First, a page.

Synecdoche, New York: Charlie Kaufman’s Risky Directing Debut–Part Two

Charlie Kaufman’s feature directing debut, Synecdoche, New York, received its world premiere in competition at the Cannes Film Fest, in May.

The nucleus and anchor of the film’s verisimilitude is the stark performance of Philip Seymour Hoffman as Caden.

Philip Seymour Hoffman

“Everything you see happen to the character is something Phil was going through when we shot it, because thats the way he works,” says Kaufman. “He had to understand what it was that was happening at every point, or he couldn’t do it. He was very serious because this character is really struggling and Phil was really struggling through the performance.”

Spike Jonze agrees: “It was a very hard part for Phil. Some movies it might be intense emotionally a week or two, but this film it was intense emotionally for him every day.”

Even extremely experienced filmmakers might find SYNECDOCHE, NEW YORK a formidable challenge, but first-time director Kaufman was philosophical. “What’s the worst thing that can happen” he asks. “I take big risks in my writing, and I choose to do that because that’s what I think makes stuff interesting. The worst thing that can happen is that I’ll be embarrassed and they won’t hire me to direct movies again. If that’s the worst thing that can happen, thats not so bad.”

From Hoffman’s point of view, that seems unlikely. “To me, Charlie might as well have been directing all of his life. There was never any time where I felt he didn’t understand what it meant to converse with the actor or the director of photographer or anyone, in a way that clarified a situation or helped or aided in some way. He always fought for what he thought was the thing that needed to happen, that he always had empathy for the struggles that everyone was going through.”

Knowing his story so well, Kaufman had the ability to create scenes when needed at the spur of the moment. Spike Jonze relates a story: “One scene I was surprised by in dailies was something I hadnt read, the scene of the Pastors sermon at the end. It’s a page-long monologue about life and death, an amazing piece of writing, and Charlie wrote it the night before.”

An actor who had been considered, but not cast for another role (Christopher Evan Welch) was quickly contacted and told to report for work following day. “Charlie faxed him this huge piece of text and the guy learned it that night and came in and did an amazing job,” says Jonze.
SYNECDOCHE, NEW YORK is such a cornucopia of a film that it’s more than a challenge to catch everything in one viewing. It’s virtually impossible. The film is jam-packed with jokes and referenceslike Cadens glimpse of Sammy following him in a cartoon, when Caden hasnt been introduced to Sammy yetthat wont pay off for most people on the first go-round.

“Its intentional,” says Kaufman. “I want the film to be different the next time you see it, and not a repeat.” Kaufman explains that he is trying to capture the dynamism that he feel theater has and movies lack: “Every time you see a play it’s alive, the interactions between the actors is going to be different, and the energy of the audience changes the actors’ performances,” he says. “But a movie is dead and unchanging, so what can you do in a movie that can make it more alive My approach is to make films that allow you to discover new things upon multiple viewings. And its my goal to make you feel like its a living thing as opposed to a dead thing.”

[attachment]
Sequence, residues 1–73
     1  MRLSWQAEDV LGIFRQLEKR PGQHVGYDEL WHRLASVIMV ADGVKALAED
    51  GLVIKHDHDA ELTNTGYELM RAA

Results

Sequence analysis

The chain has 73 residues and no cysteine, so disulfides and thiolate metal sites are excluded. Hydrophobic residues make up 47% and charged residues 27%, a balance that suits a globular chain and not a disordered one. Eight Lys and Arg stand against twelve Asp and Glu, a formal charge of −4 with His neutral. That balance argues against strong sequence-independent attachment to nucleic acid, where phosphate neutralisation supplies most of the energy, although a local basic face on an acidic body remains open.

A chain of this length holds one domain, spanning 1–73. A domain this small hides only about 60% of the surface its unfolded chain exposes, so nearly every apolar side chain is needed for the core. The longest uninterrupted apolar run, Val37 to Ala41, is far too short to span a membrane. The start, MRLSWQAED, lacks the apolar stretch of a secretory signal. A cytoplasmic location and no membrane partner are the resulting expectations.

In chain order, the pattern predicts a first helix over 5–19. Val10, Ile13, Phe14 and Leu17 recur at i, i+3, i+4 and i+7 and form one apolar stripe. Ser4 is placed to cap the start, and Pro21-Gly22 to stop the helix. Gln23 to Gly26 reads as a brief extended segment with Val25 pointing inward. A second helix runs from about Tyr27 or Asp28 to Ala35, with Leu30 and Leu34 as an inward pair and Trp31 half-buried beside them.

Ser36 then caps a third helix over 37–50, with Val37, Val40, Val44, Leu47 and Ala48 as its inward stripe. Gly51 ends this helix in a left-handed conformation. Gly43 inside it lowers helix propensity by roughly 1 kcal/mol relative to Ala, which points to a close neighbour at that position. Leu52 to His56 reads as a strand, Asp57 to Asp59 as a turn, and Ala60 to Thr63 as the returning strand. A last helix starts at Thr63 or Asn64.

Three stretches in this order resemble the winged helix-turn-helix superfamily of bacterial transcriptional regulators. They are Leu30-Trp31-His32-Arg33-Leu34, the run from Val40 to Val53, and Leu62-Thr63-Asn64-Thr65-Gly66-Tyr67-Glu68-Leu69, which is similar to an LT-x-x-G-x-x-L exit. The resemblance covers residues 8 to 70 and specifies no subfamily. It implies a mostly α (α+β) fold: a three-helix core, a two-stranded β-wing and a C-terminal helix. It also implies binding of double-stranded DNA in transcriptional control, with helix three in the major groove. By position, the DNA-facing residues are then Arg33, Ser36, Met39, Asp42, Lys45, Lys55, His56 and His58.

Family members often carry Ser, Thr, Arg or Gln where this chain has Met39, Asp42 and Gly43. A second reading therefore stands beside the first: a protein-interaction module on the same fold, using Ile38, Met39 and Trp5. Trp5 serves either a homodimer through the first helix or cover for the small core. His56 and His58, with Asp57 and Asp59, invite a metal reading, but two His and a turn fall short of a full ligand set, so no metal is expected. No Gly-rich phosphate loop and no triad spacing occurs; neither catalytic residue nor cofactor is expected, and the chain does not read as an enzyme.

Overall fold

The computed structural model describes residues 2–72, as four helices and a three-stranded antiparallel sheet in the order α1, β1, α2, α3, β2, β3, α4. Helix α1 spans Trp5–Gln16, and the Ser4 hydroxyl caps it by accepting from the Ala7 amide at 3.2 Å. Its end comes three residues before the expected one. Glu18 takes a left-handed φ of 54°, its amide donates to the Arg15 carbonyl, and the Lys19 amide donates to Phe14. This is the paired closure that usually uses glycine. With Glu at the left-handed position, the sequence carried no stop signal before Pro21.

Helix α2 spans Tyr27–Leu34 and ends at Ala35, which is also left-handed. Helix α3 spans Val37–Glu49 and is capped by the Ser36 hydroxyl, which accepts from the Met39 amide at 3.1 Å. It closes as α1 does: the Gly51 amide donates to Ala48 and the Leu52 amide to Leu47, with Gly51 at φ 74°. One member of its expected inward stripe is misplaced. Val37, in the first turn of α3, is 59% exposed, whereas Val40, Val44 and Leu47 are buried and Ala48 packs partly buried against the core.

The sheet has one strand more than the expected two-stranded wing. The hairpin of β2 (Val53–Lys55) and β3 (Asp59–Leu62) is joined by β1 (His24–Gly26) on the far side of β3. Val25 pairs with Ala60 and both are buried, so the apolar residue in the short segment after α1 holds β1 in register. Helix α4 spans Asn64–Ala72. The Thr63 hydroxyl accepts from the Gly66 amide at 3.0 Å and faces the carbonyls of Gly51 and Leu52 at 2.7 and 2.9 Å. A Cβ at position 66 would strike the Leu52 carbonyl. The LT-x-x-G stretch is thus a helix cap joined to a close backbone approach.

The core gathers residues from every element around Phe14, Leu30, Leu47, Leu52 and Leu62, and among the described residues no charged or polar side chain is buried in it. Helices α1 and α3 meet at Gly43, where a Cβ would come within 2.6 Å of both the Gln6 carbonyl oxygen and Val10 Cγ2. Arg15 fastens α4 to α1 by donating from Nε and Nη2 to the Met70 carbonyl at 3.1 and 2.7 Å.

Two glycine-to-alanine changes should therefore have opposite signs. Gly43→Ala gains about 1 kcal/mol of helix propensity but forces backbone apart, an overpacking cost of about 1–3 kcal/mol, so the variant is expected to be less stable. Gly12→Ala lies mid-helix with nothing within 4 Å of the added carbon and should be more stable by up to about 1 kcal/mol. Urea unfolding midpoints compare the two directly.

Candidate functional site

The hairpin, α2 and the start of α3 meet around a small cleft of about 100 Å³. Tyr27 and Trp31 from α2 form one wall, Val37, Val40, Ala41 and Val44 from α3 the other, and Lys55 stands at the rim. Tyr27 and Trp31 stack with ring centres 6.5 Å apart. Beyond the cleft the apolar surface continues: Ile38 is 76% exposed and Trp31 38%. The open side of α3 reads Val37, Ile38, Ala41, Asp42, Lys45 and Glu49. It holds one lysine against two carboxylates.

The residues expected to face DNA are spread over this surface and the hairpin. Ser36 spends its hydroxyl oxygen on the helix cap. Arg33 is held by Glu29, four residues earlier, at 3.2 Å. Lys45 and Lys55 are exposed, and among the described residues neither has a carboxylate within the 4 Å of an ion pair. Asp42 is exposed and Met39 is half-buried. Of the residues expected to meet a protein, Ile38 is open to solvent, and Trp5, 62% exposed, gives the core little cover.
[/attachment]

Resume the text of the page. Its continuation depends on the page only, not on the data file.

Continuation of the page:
SYNECDOCHE, NEW YORK can be seen as colossal as Cadens warehouse or as small as the closet in Adeles apartment, metaphysically labyrinthine or emotionally simple, an Empire State Building-sized witticism, a prodigious paranormal paronomasia, an existential shaggy dog story, or even a poem, or all these things or none of them, or as its director hopesjust entertaining and the hell with it. “It could read as an epic story of a man who builds everything and finds himself alone,” says Friedberg. “But it could also be read as a man turned in on himself, in his subconscious.”

Kaufman is especially delighted when he hears people express interpretations he didnt intend. “I get no bigger thrill than that,” he says, “because that means its alive.” He is also adamant that he has no intention to make it hard for the audience. “Im not trying to daunt people,” he says. “I want the things I do to be things that Id want to see, and if I went into this movie it would be cool for me.”

While many might place this film in a different box from more traditional movies, there are many examples where sizeable audiences have happily gone to have their minds bent by anything from 2001 to THERE WILL BE BLOOD–emerging somewhat bewildered, but still feeling like they got their money’s worth.

“A challenge doesnt have to be seen as homework,” says Executive Producer William Horberg. “It can also inspire you, and thats exciting.”

Hoffman agrees: “Some people might tag this as an art-house movie, but I think more mainstream filmgoers will respond to this film. I think it’s accessible in a way thats incredibly innovative. I can’t imagine it’s not going to speak to everybody.”

I Wept for 40 Minutes

Producer Anthony Bregman remembers giving the SYNECDOCHE, NEW YORK screenplay to casting director Jeannie McCarthy: “She called me up and said she was halfway through it and she felt she didn’t know what was going on. And I said that she should just finish it. About an hour and a half later, she called me back and said, ‘Well, I finished the script. I’m still confused, but when I closed it, I wept for forty minutes.”

Bregman will never forget his own first reading. “It requires a lot and I got in a trancelike state just reading it,” he says. “There was so much thats complicated and bizarre, and yet at the same time very personal. And towards the end of the script I felt like it was talking about events in my own life.”